Lease pricing – a long way to go.

Published in Leasing Life, June 2011

In recent years my colleagues and I have probably discussed pricing with around 300 leasing company executives.

Some tell us their salespeople have great market knowledge and are even shown competitors’ quotes. Sometimes. Maybe. Occasionally.

Others talk about the ‘the plan’. “If we achieve that plan margin and – hopefully – generate enough volume, we will hit our profit plan, the parent company will be happy and everyone will get their bonus.”

Another group set a target margin for each sales channel, reflecting the costs and risk profiles in that channel; eg the Public Sector team needs to earn less margin than the SME team because the operating costs per deal and credit risk are so much lower.

A fourth tell us they use an RoE formula to price their deals.

I am oversimplifying, of course. In fact many companies use several of these approaches and often in very sophisticated ways. However these approaches don’t deliver the optimum price: as high as possible but still deal-winning. And customers only hand over competitors’ quotes to drive down the price. Lessors should identify situations where they are already the cheapest and make sure it’s only by a few cents or pence.

When a salesperson issues a quote they believe they are pitching the price just right. Yet when we compare quotes issued by different salespeople (or teams, or departments, or divisions) within a company we always find wildly different quotes being issued for very similar deals. How can that be right?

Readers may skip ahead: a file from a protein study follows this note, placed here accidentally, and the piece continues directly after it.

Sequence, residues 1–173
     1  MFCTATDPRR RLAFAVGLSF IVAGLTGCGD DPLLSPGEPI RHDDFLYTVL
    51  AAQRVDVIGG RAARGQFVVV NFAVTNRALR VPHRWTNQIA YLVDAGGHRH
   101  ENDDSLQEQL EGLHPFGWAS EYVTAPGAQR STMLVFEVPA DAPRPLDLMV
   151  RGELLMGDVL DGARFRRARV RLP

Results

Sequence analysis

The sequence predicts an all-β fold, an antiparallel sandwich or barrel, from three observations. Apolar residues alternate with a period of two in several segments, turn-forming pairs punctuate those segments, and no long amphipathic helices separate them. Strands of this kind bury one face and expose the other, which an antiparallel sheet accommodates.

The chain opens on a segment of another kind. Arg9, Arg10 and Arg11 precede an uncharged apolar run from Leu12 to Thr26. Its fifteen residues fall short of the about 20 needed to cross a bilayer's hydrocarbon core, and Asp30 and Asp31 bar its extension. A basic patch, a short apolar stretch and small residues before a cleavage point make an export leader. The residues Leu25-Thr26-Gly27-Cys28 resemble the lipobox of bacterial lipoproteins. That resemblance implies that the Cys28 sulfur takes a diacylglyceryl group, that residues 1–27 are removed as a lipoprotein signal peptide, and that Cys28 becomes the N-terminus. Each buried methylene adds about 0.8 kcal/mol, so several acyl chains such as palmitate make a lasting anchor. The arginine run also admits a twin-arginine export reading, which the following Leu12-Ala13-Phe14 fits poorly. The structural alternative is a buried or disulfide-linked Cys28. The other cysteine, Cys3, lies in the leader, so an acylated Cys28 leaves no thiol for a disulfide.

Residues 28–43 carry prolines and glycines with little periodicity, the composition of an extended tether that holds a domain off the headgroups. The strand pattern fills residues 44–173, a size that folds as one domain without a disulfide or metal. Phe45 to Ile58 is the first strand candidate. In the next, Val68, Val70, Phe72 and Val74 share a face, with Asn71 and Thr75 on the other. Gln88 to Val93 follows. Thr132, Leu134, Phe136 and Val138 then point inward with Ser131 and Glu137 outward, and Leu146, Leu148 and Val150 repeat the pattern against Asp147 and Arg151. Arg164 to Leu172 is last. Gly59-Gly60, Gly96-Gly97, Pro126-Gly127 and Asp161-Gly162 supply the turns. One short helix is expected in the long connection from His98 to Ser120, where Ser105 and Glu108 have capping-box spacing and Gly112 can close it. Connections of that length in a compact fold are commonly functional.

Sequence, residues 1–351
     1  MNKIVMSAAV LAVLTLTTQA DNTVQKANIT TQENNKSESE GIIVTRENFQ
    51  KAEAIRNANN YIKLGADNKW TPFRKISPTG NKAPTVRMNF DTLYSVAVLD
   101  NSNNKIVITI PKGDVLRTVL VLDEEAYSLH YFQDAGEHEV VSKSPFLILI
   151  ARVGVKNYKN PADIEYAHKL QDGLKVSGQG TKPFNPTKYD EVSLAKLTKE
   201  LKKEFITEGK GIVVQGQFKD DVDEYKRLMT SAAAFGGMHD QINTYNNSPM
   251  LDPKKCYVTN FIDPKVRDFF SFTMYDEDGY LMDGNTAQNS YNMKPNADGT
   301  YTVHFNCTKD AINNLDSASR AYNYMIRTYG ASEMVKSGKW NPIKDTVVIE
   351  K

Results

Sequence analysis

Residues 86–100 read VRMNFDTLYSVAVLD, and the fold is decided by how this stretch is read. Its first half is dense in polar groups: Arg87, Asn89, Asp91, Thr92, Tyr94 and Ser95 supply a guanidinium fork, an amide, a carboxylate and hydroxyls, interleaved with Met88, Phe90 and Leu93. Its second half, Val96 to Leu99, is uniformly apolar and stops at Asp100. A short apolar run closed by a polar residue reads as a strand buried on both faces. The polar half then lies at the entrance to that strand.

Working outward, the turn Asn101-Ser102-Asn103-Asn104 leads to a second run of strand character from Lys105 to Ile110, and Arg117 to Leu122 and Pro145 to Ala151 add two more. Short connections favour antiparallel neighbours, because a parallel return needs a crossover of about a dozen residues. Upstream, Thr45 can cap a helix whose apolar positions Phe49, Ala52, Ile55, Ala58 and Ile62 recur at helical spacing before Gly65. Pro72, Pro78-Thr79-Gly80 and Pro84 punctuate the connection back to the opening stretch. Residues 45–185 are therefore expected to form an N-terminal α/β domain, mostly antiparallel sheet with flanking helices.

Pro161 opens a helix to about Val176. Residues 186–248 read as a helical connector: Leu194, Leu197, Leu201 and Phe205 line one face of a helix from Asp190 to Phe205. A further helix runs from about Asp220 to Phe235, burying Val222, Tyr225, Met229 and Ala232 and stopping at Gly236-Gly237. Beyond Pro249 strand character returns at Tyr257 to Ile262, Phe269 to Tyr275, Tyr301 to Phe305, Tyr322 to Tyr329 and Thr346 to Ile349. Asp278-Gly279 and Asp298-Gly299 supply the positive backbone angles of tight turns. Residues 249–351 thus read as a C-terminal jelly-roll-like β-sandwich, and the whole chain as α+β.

We also find that when margins are slipping, companies manage prices centrally, usually adopting one of the approaches listed above or setting a high minimum margin. This is a recipe for disaster; without investing time or attention to set optimised prices, volumes decline and salespeople become demotivated.

Often it’s unnecessary to pitch low to win a deal. In one piece of research the directors of 500 large companies were asked whether they were in a price war. 55% said yes. When asked who started the price war, 95% said it was someone else!

It’s not right that a vendor leasing business can issue an online quote today without the system realising it issued a higher quote two weeks ago to the same client for the same kit – which was accepted. This gives some indication of how far we still have to go.

Pricing has become much more scientific in recent years. Lessors should aim to set optimal prices for every product, lease term and payment profile, tailored to each individual client and delivered in real time at the point of sale without human intervention. Few lessors’ pricing systems begin to recognise this goal.

The first step is to identify every piece of internal and external information with any bearing on competitiveness, build this into a decision matrix, use this in live quoting, identify how successful each decision and quote have been and use that information to modify the price quoted on similar deals next time.

Colin Tourick



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